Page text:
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By Arthur E. Schlueter, Jr.
The term “combination organ” has been loosely used within musical circles to mean many things, which has led to some confusion. The appropriate definition of a combination organ actually comes from electronic organ manufacturers who coined the term to describe the addition of pipes to their mass-produced, digital organs. From that I have derived the following definition of a “combination organ”:
Combination Organ: an electronic organ with digital sound-producing technology as itís primary sound source, that has been augmented with one or more wind-blown pipe ranks. Also referred to as a “hybrid” organ.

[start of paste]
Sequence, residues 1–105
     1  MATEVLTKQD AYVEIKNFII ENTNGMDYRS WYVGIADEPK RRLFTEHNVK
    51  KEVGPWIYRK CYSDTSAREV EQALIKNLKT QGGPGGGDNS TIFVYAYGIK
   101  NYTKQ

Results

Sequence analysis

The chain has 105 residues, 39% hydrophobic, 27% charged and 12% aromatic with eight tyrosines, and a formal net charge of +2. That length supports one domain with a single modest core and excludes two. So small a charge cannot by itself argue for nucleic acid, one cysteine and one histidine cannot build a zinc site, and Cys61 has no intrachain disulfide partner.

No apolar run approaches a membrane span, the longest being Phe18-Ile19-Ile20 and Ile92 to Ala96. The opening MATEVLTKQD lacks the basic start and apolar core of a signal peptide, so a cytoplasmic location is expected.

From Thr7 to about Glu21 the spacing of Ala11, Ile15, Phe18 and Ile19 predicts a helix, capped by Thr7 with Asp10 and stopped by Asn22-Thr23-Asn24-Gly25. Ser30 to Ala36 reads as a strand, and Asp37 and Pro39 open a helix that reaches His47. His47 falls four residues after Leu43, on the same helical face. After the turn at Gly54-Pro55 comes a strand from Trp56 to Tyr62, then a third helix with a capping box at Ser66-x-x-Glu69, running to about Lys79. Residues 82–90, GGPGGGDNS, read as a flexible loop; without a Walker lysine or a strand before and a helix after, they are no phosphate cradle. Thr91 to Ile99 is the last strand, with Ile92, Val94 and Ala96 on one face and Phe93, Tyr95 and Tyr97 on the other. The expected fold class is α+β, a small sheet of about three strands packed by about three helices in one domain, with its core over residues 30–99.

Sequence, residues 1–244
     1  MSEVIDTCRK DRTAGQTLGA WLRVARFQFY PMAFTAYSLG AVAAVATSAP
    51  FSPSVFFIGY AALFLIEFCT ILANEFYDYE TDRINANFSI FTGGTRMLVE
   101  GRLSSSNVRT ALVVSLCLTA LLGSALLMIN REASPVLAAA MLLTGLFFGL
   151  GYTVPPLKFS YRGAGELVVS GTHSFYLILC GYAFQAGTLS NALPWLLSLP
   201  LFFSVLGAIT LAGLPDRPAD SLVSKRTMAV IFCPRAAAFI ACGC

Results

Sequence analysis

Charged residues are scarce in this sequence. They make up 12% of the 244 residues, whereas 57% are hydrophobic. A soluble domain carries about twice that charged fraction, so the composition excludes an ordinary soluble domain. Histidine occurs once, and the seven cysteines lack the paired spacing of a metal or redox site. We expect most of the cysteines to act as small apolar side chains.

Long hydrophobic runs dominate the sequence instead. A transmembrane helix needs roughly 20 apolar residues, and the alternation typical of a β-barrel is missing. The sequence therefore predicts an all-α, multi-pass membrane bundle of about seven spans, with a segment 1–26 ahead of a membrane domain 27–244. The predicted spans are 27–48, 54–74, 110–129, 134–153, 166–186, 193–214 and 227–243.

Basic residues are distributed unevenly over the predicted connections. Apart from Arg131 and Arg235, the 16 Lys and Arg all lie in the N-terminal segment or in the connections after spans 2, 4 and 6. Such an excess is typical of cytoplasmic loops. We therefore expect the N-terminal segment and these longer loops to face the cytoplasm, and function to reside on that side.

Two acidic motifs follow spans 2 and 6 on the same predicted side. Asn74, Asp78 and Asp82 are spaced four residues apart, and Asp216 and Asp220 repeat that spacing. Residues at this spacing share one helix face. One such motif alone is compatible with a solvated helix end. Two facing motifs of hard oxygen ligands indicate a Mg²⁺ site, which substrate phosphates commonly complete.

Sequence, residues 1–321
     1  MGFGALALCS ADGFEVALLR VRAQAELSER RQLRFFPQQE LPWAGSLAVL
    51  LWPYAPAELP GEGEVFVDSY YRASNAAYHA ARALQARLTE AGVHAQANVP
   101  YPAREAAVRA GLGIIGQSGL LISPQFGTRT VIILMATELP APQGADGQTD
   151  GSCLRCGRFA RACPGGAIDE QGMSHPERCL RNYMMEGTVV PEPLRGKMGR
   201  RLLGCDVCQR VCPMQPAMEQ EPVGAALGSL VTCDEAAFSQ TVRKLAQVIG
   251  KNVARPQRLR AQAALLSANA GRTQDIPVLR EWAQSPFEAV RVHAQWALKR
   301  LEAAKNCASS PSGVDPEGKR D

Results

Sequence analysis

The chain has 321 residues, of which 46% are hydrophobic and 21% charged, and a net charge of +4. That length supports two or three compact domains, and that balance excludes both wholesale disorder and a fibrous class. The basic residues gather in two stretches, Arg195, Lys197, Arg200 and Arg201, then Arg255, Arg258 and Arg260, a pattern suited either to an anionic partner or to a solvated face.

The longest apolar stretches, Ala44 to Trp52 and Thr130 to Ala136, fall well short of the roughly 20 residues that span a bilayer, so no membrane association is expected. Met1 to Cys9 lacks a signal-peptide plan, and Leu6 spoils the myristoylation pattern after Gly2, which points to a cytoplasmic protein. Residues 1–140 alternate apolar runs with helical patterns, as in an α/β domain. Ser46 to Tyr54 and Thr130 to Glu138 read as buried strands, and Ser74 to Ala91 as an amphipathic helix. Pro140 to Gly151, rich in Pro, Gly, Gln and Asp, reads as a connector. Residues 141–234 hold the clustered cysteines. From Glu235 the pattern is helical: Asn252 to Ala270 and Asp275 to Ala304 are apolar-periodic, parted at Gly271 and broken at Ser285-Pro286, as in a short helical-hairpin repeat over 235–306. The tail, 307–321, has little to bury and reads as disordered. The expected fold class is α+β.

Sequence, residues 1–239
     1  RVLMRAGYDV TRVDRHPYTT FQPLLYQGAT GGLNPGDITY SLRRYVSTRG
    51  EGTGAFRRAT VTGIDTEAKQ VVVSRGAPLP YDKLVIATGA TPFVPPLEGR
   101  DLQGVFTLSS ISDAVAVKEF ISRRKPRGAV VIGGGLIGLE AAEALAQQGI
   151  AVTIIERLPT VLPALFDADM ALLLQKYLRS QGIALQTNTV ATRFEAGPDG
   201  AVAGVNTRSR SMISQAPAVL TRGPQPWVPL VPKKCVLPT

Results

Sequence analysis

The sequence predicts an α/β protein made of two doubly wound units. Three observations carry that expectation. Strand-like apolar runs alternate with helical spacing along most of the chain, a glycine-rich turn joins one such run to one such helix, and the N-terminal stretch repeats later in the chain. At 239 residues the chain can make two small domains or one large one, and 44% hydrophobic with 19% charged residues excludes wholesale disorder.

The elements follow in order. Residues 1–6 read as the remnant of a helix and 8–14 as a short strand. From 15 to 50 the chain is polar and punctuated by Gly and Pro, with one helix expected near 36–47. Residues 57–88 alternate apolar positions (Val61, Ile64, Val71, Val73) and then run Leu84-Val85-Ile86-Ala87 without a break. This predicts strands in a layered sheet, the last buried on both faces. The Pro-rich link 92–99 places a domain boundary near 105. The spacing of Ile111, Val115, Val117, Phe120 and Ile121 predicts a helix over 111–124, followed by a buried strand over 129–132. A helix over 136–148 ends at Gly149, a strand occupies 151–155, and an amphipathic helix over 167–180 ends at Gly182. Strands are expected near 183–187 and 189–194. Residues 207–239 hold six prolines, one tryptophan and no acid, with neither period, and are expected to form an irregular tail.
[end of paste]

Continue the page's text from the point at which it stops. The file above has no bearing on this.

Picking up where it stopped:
Prior to 1930, organ tones were produced by either reeds, as in a pump organ, or pipes, as in a pipe organ. In 1934 the Hammond “organ" was introduced that utilized a revolving “tone wheel" to produce a musical tone. In the decade to follow analog technology was also introduced to produce another variety of sounds to mimic the organ.
From the early days of Hammond and analog organs, attempts were made to interface with real pipes. In 1971 Rodgers Instrument Corporation developed and engineered the first analog organs that would interface with real pipes.
The diagrams below are offered for further clarification.
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Real, winded organ pipes in custom built case for a new pipe organ being assembled and tested in our erecting room.
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